On June 8, 1953, Bernard Schiff, who died unexpectedly some weeks ago, celebrated his bar mitzvah at the Bagg Shul in Montreal’s Plateau district. Bernie, who was rather small for his age, stood at the lectern and declared in a voice most earnest that actions will speak louder than words and that growing up to be a good person is more than sufficient.
He was succinct, made his points clearly and returned to his seat, tout suite. Unfortunately, his father Willy, who worked in the garment industry was cut from a very different cloth. Willy appreciated neither his sons’ parsimony, nor the menschlichkeit which was emerging there and then. “Good people finish last,” Willy told his son. “Six million ‘good people’ were murdered in the camps.” It was a dog eat dog world out there, and Willy expected his younger son to be the top dog.
“Actually, your father didn’t expect a son at all,” Bernie’s mother, Freda, would tell him. “We wanted a girl who would maybe help around the house and be at her father’s side when he got old.” Instead, Freda would say with a smile, “I was handed the ugliest baby you ever saw. When the nurse brought you to me, I told her that there must be some mistake. The nurse insisted, so what could I do? I took you and I thought, ‘who does this baby look like?’ And I remembered an idiot cousin left behind in Poland.” Bernie giggled self- consciously each time Freda told the story
Berl, as friends called him, was hardly the idiot cousin. On the contrary. He loved books, and Miss Vaughn, the librarian in charge of old Montreal’s children library, allowed him more than the quota permitted. Berl was the valedictorian in elementary school and again in high school. He was good at everything he did. Except at being a son. He taught himself to engage with laser-precision. He delighted in the accomplishments of others. He was there for a hundred friends whose entire lives he was able to hold in thought. He believed he could fix anyone.
At McGill College, Berl was again a superstar. He won the coveted Bovey Shield awarded to the best undergraduate debater on campus. In his final year, Berl applied and was accepted to medical school, but was not keen on becoming a doctor and even less interested in living at home. As a graduation gift, he asked his parents for an Olympia Lettera 22 portable typewriter and declared that he would become a writer. His father was devastated.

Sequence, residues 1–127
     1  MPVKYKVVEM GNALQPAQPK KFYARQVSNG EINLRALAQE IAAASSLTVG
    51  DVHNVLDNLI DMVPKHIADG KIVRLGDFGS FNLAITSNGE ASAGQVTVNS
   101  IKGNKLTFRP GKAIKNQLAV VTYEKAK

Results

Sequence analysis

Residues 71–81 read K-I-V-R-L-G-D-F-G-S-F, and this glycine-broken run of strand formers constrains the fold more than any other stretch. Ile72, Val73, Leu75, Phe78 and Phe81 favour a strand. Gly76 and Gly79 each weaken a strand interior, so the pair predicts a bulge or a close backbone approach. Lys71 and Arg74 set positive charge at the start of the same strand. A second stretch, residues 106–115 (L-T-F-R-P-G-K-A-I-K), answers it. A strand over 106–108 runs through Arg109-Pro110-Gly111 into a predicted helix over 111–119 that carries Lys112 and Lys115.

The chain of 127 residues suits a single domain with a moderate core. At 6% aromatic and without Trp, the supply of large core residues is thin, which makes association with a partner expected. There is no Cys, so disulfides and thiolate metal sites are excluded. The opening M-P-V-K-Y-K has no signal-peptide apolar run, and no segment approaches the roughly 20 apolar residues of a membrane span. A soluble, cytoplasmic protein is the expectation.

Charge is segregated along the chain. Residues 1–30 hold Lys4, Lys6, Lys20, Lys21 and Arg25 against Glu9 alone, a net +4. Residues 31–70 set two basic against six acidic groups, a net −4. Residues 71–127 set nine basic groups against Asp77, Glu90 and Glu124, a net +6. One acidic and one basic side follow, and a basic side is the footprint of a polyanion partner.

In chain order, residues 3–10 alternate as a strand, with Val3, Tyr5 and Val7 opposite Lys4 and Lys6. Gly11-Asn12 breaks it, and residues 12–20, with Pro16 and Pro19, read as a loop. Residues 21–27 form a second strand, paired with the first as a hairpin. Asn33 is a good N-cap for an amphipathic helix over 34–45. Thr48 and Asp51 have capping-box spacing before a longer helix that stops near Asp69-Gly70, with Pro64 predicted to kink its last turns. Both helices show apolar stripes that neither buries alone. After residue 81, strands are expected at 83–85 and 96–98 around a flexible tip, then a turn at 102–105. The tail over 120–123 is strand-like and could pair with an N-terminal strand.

Berl left town. He traveled to Greece and boarded a ship to Israel. When he returned a year later, he considered launching his writing career but knew he could not do so without confronting his demons (which mostly meant his father). He was not yet prepared to do that.
And so, Berl abandoned his literary aspirations and signed up for graduate school in Chicago. He left home and never returned except for brief visits, weddings and funerals. A stint at Berkeley, a tenured track position at the University of Toronto, secured with little effort, followed. He married Gissa, who came with an infant daughter, Vanessa. Berl adored Vanessa and raised her as his own. Jacob was born, and for a while life could be no better.
But the young professor was restless. The lab could only tell half the story. He considered becoming a psychiatrist, dabbled in real estate, gravitated toward art and music. When he retired from the academy and joined me at the Walrus, he realized that there were some broken souls which even he could not repair. But he also realized how much he could help.
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Berl was social in relation to the individual and an individual in groups. Dozens of intimate friends relied on his ability to put them together each time they fell apart. And Berl was always there for them. Ultimate truths made him nauseous, irritable, angry. He was a consummate analyst, but unlike Freud, who could not restrain the analytical urge, Berl sometimes could go easy on himself. When he did, he sometimes was able to experience the “oceanic feeling” which eluded Freud, but which reminds us that at the end of the day “all is one.”